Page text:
Nicoletta A. Bleiel

Citation: For sustained and prolific contributions to the profession of technical communication and its practitioners through talks, articles, videos, blog posts, and web seminars, and for exemplary service as a Society leader.


Todd A. DeLuca

Citation: For inspirational and enthusiastic leadership within STC at the community and Society levels, for promoting the profession to future technical communicators, and for sharing his knowledge, including the value of volunteerism and community service.


Timothy Esposito

Citation: For dedicated leadership in the Philadelphia Metro Chapter, guidance to new technical communicators, and instruction to the Society leaders.


Kim E. Lindsey

Citation: For her insightful work in technical communication, for sustained creativity, enthusiasm, and innovation in promoting our profession, and for support the mission of STC and the Northeast Ohio Chapter.


Robert E. Perry

Citation: For demonstrated leadership and sharing of technical and professional knowledge, for inspiring many productive technical communication careers, and for significant contributions to the Society.



Mollye Barrett

Citation: For thought leadership in content strategy and management, for advancing the profession by generously sharing her knowledge, and for long, dedicated service to the STC Wisconsin Chapter.


Pam Estes Brewer

Citation: For her extensive work with the Academic SIG, for her detailed scholarship, and for building bridges between academia and practitioners.


Russel Keith Hirst

Citation: For continuing devotion to his students and STC, for inspiring and mentoring students and colleagues for decades, and for his sustained, tireless dedication to the field.


Rachel Houghton

Citation: For tireless devotion to STC at many levels, for her willingness to share her knowledge and take on myriad responsibilities, and for relentlessly promoting and supporting our profession in both print and visual media.


Carolyn Kelley Klinger

Citation: For her boundless enthusiasm, her advocacy for STC as the voice of the profession, and her unwavering devotion to recruiting, training, and supporting STC volunteers.


Mike Murray
Citation: For mentoring, encouraging, and guiding technical communicators in central Florida; for being instrumental to the success of the Accessibility SIG; and for dedicated leadership at the Society level.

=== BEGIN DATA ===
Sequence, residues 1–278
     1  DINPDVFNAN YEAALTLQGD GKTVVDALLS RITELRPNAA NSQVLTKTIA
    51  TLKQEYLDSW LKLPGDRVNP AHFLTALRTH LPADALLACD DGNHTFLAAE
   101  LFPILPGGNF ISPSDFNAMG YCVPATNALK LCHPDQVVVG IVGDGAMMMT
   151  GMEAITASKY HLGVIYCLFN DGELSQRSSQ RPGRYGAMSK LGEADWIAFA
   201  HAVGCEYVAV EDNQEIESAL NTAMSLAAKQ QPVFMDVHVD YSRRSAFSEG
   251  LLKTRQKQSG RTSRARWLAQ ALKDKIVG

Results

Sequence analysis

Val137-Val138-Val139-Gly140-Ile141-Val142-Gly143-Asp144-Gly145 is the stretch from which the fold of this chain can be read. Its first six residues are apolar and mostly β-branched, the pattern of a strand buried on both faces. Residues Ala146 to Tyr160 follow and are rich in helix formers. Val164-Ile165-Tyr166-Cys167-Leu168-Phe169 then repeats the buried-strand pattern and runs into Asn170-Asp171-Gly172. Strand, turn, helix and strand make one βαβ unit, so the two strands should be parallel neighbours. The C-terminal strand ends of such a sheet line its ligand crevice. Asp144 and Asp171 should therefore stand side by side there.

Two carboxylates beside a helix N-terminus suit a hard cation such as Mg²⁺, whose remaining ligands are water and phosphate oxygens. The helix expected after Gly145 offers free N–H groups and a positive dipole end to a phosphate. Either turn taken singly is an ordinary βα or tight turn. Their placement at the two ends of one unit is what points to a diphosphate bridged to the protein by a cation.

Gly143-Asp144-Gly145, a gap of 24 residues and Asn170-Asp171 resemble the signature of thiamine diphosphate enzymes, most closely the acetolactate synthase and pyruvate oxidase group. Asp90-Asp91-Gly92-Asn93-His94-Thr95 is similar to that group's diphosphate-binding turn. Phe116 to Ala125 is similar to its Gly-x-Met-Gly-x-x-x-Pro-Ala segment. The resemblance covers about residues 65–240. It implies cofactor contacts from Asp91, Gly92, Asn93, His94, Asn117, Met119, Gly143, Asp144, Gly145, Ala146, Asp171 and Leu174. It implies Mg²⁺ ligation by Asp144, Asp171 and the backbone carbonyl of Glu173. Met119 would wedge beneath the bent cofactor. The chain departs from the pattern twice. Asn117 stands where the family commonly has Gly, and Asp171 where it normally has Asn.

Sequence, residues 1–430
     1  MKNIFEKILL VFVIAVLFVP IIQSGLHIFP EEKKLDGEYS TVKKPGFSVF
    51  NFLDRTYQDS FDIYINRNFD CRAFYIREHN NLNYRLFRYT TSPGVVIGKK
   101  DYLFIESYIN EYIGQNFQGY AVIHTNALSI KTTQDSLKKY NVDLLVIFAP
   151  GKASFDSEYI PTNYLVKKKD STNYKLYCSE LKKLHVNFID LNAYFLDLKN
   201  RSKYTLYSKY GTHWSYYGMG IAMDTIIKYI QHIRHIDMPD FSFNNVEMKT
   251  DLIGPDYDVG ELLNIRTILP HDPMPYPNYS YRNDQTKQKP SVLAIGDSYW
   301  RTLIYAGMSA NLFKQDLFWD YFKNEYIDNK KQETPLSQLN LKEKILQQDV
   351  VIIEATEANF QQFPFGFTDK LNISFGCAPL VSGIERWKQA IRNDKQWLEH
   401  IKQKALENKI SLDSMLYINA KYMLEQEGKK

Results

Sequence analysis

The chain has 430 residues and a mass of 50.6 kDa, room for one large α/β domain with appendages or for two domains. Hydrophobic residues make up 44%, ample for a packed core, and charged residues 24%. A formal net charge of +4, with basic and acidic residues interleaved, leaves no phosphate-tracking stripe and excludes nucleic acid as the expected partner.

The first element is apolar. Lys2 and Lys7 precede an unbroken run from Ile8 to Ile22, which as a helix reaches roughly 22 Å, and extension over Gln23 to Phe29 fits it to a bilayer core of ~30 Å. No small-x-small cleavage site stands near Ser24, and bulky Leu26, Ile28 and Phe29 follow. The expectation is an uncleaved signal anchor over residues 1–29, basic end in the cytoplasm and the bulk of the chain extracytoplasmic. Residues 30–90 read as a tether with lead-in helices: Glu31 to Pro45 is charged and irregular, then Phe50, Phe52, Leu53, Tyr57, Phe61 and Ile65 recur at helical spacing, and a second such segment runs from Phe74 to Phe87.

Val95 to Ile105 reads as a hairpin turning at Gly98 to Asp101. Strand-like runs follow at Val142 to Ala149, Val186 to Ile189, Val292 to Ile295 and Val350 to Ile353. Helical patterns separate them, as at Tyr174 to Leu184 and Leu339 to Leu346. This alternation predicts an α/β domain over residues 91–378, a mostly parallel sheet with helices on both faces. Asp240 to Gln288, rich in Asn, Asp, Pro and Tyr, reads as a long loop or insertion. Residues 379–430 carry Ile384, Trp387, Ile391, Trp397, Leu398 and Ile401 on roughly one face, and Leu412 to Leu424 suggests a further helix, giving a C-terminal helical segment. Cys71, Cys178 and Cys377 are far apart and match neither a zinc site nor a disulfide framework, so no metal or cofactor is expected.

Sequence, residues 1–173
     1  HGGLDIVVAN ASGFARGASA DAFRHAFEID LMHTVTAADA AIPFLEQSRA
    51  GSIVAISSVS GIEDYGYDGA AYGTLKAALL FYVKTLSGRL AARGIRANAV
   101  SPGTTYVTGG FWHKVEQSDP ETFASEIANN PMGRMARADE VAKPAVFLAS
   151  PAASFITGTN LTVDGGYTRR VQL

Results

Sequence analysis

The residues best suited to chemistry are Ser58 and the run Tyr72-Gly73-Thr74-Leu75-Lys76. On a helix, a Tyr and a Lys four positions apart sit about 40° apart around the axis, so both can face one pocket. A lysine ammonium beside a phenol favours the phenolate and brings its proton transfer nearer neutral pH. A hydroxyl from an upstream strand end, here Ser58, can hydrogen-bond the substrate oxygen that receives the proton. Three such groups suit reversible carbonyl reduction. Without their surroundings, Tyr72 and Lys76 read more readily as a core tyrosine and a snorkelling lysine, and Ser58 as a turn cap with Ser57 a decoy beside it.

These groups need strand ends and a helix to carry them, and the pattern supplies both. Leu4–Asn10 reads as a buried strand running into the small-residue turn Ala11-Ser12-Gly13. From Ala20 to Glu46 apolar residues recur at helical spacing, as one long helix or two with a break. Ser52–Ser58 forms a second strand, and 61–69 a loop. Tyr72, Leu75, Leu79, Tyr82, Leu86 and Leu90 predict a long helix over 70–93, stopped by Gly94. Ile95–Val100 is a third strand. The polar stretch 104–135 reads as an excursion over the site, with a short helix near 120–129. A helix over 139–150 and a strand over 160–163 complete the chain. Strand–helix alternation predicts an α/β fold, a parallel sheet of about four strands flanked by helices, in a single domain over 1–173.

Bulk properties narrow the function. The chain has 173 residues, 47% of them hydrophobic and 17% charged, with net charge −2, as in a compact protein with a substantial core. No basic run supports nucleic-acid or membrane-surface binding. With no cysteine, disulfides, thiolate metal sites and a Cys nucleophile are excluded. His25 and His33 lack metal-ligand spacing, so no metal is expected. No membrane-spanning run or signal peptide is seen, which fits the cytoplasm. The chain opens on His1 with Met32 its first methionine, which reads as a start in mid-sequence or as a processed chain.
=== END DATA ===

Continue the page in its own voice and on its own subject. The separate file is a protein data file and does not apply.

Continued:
Makarand Pandit
Citation: For skill and unflagging energy as he embodied the rise of technical communication in India; for guiding and inspiring a generation of technical communicators.


Marta A. Rauch

Citation: For enthusiastically bringing her vast knowledge of new technologies to our Society and to the profession, and for consistently encouraging others with kindness, wisdom, and joy.

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Writing & Communication Track at the Summit

by STC Staff on 5 April 2016

By David Caruso (@dccd)

If you think a track called “Writing and Communication” is just a miscellaneous catch-all where the STC Summit Program Committee offloaded all those sessions that just didn’t fit anywhere else, you would be wrong. Much consideration went into this track as a serious way to not only explore the roots of what practitioners do in the field day in and day out, but also to delve into topics that many have expressed interest in and which STC is uniquely qualified to present.

Take for example Richard Hamilton’s session, Self-Publishing for Print and eBook Distribution, where a supremely qualified expert with years of experience in guiding authors along the path to publication shares his insights on what it takes to get your content into book form and ready for sale and consumption by your audience. In an effort to break down the silo walls that separate tech comm and tech support, Rick Lippincott presents Frenemies: Tech Comm and Tech Support Working Together. Or consider that form of communication many haven’t carefully looked at in quite some time: email. In her workshop, Producing Professional Emails to Get Answers!, Marilyn Woelk delivers best practices which have proven successful.